Then there’s the scandal’s cost to taxpayers, which, according to government documents, is estimated at $9 million, an amount that includes cash settlements with the fired workers, legal fees, and the price tag for two reports. The BC Liberals hired former Supreme Court judge Thomas Cromwell to oversee the implementation of the Misfire recommendations, which included new rules around the way government employees conduct internal investigations. In a 2018 letter to the deputy minister to the premier, Cromwell emphasized the trauma that employees suffered as a result of the public announcement of a police investigation. “Completely innocent people feared that they might have done something wrong, they became suspicious of close friends and colleagues and worried that the police might appear without warning to search their homes,” he wrote. There’s still a long way to go. “It is also clear to me from my many contacts with Ministry employees and contractors that serious challenges remain to be met before the goal of reconciliation has been achieved.”

Unfortunately, there’s often no way to entirely fix the damage that false claims can inflict. “I’ve seen the toll that they take,” says Dunlop, the Nova Scotia litigator. “Some people just don’t recover.”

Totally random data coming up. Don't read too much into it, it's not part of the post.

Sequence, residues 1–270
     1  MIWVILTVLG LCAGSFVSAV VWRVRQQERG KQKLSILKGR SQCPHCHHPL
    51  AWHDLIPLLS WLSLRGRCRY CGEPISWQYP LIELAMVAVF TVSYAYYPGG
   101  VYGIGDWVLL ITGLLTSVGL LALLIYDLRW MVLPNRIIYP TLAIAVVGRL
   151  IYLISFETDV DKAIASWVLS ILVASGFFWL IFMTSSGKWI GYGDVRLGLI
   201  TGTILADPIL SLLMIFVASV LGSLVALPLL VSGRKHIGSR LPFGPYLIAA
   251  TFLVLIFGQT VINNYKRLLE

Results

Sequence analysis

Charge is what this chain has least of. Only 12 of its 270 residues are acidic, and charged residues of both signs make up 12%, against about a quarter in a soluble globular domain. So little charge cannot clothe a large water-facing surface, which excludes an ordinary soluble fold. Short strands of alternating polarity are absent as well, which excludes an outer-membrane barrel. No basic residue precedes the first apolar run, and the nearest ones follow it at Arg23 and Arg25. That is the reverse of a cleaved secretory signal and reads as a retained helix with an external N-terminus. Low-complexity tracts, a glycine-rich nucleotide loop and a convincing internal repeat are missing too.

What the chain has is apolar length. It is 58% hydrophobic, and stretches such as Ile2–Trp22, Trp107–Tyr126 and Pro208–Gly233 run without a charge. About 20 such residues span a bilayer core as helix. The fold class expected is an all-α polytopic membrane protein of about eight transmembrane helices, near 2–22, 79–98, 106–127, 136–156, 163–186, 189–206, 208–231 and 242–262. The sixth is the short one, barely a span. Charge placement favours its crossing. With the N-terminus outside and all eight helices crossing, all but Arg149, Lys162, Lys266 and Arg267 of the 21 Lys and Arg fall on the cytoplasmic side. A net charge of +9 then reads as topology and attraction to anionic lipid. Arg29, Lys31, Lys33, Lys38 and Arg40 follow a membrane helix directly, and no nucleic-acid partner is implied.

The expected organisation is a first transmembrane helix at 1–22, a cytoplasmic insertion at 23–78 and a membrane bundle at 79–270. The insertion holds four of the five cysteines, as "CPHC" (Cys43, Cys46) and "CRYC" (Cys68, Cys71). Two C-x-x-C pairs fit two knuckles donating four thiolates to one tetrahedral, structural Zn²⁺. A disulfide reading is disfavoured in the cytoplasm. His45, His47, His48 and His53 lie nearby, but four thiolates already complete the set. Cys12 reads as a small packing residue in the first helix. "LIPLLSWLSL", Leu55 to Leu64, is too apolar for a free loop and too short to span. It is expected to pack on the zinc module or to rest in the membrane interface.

A year after he was fired, in July 2013, Hart says he received a call from his lawyer, who said the ministry was willing to settle. It was offering eighteen months’ salary and removal of the firing letter. But Hart wanted to be made “whole” again. He wanted his job back, he wanted his missing salary paid, he wanted any pension he’d lost, and he wanted his legal expenses paid. His lawyer responded: “Christ, they will never go for that,” Hart recalls. In early December of that year, his lawyer called and asked if he was sitting down. Hart says the ministry had agreed to everything: reinstatement of his job, lost wages, and payment of a $46,000 legal bill.

Still, Hart feels the rawness of the events of 2012. For months after he lost his job, he would walk to his former workplace two or three times a week and circle the building. He’d stop and look up at the dark windows, toward the offices of the executives who had played a role in firing him. It didn’t matter that they probably couldn’t see him. “I wanted them to know that I was still there,” Hart says.